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Five Questions with the Foes: Previewing the Vikings

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Gettin’ ready for Sammy.

NFL: Houston Texans at Minnesota Vikings Bruce Kluckhohn-USA TODAY Sports

Sam Bradford and the undefeated Vikings are coming to town. (What world are we in?) We want to be as ready for Sunday as possible, so we reached out to the fine Christopher Gates of Daily Norseman to talk about Minnesota’s premier sporting team. Here’s what we talked about:

1. The elephant in the room: how's our old friend Sammy Sleeves doing? Has he been better than expected? Is he just being buoyed by all the talent around him, on both sides of the ball?

It's really, really hard to not be impressed with Sam Bradford at this point. When he was first acquired, it was expected that his job was going to be to manage the game and take the heat off of Adrian Peterson. Then, Bradford and Peterson got to play exactly two and a half quarters together, and Bradford has just kept rolling along anyway.

Truth be told, this is a much different, and, frankly, much better Minnesota offense without Peterson, largely because it's more diverse. Prior to Peterson's injury, the offense was centered around him and his limitations, namely he doesn't run well out of the shotgun, he's never been a great pass blocker, and he's not a great receiver out of the backfield. This made the Vikings' offense terribly predictable, but not having Peterson in the lineup has helped that to no longer be the case.

Sure, the Vikings have some talent on the offensive side in guys like Stefon Diggs and Kyle Rudolph, but I don't know if the Vikings' offense would be performing at the same level with Shaun Hill at the controls as it has been with Bradford. I'm curious to see how he's going to perform with a bye week to absorb a little more of the playbook, to be honest.

2. The Vikings lost Adrian Peterson for the year, and then a little while later Matt Kalil as well. How do you explain the offense not missing a beat?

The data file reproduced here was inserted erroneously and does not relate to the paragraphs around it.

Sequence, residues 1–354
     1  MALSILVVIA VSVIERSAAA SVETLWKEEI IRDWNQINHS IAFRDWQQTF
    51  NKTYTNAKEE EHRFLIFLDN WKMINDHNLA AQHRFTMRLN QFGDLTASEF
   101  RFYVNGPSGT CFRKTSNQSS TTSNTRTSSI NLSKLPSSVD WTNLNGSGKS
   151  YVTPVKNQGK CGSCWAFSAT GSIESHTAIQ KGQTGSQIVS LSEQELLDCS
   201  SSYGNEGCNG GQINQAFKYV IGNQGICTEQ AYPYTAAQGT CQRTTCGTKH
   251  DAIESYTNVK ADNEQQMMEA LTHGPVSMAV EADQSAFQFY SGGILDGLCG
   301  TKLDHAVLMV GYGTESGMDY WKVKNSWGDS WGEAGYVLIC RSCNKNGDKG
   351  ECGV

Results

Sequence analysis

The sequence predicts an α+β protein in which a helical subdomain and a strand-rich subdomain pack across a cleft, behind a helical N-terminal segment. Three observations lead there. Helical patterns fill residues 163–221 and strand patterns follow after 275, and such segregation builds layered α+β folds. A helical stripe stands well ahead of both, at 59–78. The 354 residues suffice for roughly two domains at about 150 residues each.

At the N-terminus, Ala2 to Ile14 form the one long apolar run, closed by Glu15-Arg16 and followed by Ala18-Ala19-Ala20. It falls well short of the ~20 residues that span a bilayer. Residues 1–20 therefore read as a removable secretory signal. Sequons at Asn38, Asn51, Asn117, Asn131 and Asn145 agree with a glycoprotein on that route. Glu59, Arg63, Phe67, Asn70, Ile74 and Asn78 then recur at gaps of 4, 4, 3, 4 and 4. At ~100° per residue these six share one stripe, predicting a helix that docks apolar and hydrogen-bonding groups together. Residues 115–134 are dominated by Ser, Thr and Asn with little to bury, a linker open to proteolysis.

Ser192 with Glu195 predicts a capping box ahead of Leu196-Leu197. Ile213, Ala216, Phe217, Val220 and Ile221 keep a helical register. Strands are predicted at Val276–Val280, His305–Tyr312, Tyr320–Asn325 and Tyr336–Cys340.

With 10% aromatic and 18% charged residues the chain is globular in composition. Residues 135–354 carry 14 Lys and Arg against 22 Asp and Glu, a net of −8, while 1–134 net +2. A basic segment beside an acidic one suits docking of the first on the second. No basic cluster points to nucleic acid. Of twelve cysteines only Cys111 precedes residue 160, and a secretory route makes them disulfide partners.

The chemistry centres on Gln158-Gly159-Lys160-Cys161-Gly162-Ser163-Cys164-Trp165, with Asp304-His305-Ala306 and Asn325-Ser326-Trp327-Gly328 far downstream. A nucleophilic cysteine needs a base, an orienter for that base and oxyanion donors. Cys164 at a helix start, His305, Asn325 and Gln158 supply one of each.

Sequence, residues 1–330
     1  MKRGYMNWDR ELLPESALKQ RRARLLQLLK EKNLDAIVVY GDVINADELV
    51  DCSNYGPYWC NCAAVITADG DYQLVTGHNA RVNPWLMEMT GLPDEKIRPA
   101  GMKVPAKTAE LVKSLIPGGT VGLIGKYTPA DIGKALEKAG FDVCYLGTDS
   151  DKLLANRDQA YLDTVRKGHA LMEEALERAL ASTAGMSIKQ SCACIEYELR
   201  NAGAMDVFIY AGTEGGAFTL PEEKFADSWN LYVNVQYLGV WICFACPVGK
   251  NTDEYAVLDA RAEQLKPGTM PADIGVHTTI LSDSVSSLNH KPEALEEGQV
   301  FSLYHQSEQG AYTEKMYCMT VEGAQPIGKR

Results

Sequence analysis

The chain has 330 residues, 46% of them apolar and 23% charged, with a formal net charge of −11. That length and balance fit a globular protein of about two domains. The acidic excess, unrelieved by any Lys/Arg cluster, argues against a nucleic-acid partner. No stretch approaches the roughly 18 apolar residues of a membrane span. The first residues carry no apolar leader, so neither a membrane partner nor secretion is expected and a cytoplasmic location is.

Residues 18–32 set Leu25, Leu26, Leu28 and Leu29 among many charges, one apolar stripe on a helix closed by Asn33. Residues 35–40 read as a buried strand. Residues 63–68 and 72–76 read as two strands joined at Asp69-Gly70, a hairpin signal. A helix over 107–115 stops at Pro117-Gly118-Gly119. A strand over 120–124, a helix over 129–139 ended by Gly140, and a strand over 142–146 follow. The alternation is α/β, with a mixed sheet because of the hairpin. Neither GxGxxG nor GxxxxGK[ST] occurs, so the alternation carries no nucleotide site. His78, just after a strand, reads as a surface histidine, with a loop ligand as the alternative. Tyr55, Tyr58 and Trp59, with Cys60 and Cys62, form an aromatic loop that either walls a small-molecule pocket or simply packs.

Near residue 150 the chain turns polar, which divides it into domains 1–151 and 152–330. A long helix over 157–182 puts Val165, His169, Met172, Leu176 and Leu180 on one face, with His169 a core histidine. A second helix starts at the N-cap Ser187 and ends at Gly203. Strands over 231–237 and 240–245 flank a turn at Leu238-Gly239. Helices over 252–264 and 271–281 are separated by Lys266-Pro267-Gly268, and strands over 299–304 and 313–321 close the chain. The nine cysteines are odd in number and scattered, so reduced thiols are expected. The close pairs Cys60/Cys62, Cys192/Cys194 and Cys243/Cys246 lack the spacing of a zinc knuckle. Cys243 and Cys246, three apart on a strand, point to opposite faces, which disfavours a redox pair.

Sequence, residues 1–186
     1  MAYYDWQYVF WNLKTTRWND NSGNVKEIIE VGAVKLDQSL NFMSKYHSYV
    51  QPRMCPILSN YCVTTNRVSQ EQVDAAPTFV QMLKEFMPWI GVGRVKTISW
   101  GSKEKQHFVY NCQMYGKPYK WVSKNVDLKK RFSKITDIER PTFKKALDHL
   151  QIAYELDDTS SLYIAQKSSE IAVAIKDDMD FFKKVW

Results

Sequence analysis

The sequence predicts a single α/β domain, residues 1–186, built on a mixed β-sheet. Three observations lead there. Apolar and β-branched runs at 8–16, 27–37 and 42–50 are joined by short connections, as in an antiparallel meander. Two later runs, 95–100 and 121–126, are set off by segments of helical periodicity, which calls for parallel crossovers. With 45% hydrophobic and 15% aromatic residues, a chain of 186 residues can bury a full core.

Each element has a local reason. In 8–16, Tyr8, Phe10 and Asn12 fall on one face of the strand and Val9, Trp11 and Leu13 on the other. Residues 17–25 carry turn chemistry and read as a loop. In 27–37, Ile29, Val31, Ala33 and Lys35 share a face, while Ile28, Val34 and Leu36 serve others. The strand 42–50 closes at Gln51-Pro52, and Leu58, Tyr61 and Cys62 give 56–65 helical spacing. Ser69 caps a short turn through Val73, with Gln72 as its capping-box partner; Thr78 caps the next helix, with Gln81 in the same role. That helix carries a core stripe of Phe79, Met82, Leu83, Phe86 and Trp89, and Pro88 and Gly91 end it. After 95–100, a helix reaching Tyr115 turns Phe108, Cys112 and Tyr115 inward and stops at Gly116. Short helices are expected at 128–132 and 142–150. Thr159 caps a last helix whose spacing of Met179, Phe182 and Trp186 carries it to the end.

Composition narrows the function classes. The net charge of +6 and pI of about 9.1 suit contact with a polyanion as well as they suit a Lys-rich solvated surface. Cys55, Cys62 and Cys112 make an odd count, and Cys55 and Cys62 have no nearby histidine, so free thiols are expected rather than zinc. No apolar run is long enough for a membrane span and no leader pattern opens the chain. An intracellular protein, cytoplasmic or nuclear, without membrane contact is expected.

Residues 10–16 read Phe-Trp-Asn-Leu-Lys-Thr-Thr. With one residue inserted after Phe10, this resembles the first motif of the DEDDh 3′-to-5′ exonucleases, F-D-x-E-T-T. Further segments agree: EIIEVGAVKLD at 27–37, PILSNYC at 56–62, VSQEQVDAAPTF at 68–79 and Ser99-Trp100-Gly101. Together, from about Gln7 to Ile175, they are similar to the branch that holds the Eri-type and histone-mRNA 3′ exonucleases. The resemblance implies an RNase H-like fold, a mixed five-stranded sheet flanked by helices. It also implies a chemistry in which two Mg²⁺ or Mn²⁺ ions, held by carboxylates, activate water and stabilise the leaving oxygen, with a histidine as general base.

Again, I think a lot of this goes back to Bradford's performance. He's getting the ball out quickly, he's limiting the number of sacks he's taking, and as I mentioned earlier, his presence (and Adrian Peterson's absence) is making the offense more diverse. I think another big part of it is the mentality that head coach Mike Zimmer has instilled in this team.

They've really taken the "next man up" thing to an entirely new level. Since the first of September, this team has lost their starting quarterback, their starting running back, and both of their Week 1 starters at the tackle spots, as right tackle Andre Smith joined Kalil on injured reserve prior to Minnesota's last game). Granted, T.J. Clemmings and Jeremiah Sirles, who replaced Kalil and Smith, respectively, haven't really been that great a drop-off from what the starters were providing. Frankly, Sirles is probably a massive improvement over what Smith is providing. The Vikings signed free agent Jake Long last Monday, and with a couple of weeks to learn the offense, I'd be surprised if he wasn't starting at left tackle on Sunday with Clemmings going back to more of a swing tackle role.

3. The Minnesota defense, man. Everyone is scared for Carson Wentz's safety. What's the No. 1 strength of the unit, and what, if any, are its weaknesses?

I think that the strength of the Minnesota defense doesn't lie at any one particular position, but more in their depth at every spot. There have been injuries on the defensive side of the ball for the Vikings this season, too. They played the first two weeks of the season without cornerback Xavier Rhodes, who's developing quite a reputation for himself in the games he has played this season.